Quadrivalent HPV vaccine can safely be given concomitantly with other common vaccines. Concomitant administration with HBV vaccine was not associated with any serious adverse events and did not increase the incidence or severity of any adverse events over those seen with the vaccines given alone.[23] Similarly, there were no safety or tolerability issues associated with concomitant administration of quadrivalent HPV vaccine and DTP/P vaccine other than slight increases in the incidences of injection-site swelling (8.6% vs 4.8%) and headache (26.9% vs 19.4%).[32] Likewise, quadrivalent HPV vaccine was well tolerated when administered concomitantly with meningococcal conjugate vaccine,[34] or meningococcal conjugate vaccine and Tdap vaccine.[33] There were no clinically important differences in tolerability between concomitant and non-concomitant administration; no subjects discontinued for vaccine-related reasons and none had a serious vaccine-related adverse event. With respect to injection-site adverse events, quadrivalent HPV vaccine was associated with more swelling than the concomitant vaccines, while the concomitant vaccines were associated with more pain and bruising.[33]

Since the licensing of quadrivalent HPV vaccine in the US in June 2006 through to December 2008 there were 12 424 reports, including 46 932 adverse event codes, submitted to the Vaccine Adverse Event Reporting System (VAERS) following immunization with quadrivalent HPV vaccine.[49] Quadrivalent HPV vaccine was the sole vaccine identified in 9910 (80%) of these reports. During this period, the manufacturer reported that 23 051 336 doses of quadrivalent HPV vaccine had been distributed. The number of reports per 100 000 doses distributed was highest for syncope, injection-site reactions, dizziness, nausea and headache (figure 3). Syncope was not noted as a frequent adverse event in clinical trials, since subjects were observed for 30 minutes after vaccine administration and generally remained seated during this time.[48] Syncope occurred equally in vaccine and placebo recipients (0.1% vs 0.2%) in clinical trials.[48] Overall, there were 32 deaths and 740 nonfatal serious adverse events.[49]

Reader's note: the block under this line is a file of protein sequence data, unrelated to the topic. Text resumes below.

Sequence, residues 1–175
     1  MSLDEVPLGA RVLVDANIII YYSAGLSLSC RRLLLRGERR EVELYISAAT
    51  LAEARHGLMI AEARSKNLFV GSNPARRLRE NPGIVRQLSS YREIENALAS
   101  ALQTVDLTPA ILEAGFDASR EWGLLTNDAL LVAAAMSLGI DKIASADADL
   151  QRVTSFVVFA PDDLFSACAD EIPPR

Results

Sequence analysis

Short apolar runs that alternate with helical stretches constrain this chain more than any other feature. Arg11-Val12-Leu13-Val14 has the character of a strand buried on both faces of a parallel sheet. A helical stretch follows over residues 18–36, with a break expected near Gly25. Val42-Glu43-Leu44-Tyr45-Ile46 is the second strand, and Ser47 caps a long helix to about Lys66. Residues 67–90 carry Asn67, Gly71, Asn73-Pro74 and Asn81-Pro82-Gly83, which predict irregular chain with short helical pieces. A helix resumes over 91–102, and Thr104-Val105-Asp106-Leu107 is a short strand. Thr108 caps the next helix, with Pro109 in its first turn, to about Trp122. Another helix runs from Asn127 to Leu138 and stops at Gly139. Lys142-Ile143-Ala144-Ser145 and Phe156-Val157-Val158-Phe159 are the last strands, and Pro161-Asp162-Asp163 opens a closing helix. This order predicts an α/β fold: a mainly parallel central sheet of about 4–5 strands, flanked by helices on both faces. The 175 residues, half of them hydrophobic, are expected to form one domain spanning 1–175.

Fig. 3

Postmarketing surveillance of quadrivalent human papilloma virus (HPV) [types 6, 11, 16, 18] recombinant vaccine. The most common adverse events related to immunization with quadrivalent HPV vaccine reported to the US Vaccine Adverse Event Reporting System between 1 June 2006 and 31 December 2008.[49]

Selected very rare but medically important events (e.g. autoimmune disorders, Guillain-Barré syndrome, anaphylaxis, transverse myelitis, pancreatitis and motor neuron disease) were examined in detail.[49] Of these, only venous thromboembolic events met the criteria (≥3 cases; proportional reporting rate ≥2; and chi-squared [χ2] ≥4) for a potential association between an adverse event and the vaccine, although 90% of those experiencing venous thromboembolism reported a known risk factor. Notably, death and Guillain-Barré syndrome (42 reports) did not meet these criteria.[49] Of the 12 confirmed cases of Guillain-Barré syndrome reported up to 1 June 2009, six subjects had concomitant vaccination with meningococcal conjugate vaccine and six received quadrivalent HPV vaccine alone.[48] However, the relationship was temporal only, with no evidence of a causal relationship. At present, there has been no demonstration of causality between the quadrivalent HPV vaccine and any serious adverse event reported to the VAERS.[50]

Following the introduction of a national school-based vaccination programme with quadrivalent HPV vaccine in Australia, all cases of suspected anaphylaxis in the state of New South Wales were reviewed in detail.[51] Of 11 suspected cases, eight met the Brighton case definition of anaphylaxis, seven of which derived from the school-based programme. Six cases occurred after one dose of the vaccine and two occurred after the second dose. Four of the subjects had a history of allergy or atopic disease. Of four subjects tested for allergy, all were negative to skin-prick testing with quadrivalent HPV vaccine. All 11 subjects recovered completely; rapidly after the administration of adrenaline in most subjects. Based on these data, the overall estimated rate of anaphylaxis following HPV vaccination in the school-based vaccination programme was very low (2.6 per 100 000 doses administered).[51]

In a follow-up assessment of 35 schoolgirls in Australia reporting suspected hypersensitivity reactions to immunization with quadrivalent HPV vaccine (over a duration in which >380 000 doses were administered in schools), 25 girls agreed to participate further.[52] Only 3 of the 25 schoolgirls were subsequently found to have probable hypersensitivity to the vaccine; most were skin prick test-negative and tolerated rechallenge with the vaccine.[52]

5. Pharmacoeconomic Considerations

The pharmacoeconomics of vaccination with quadrivalent HPV vaccine have been assessed in a number of fully published cost-utility analyses (table IV).[53, 54, 55, 56, 57, 58, 59, 60, 61, 62, 63, 64, 65, 66, 67]
Table IV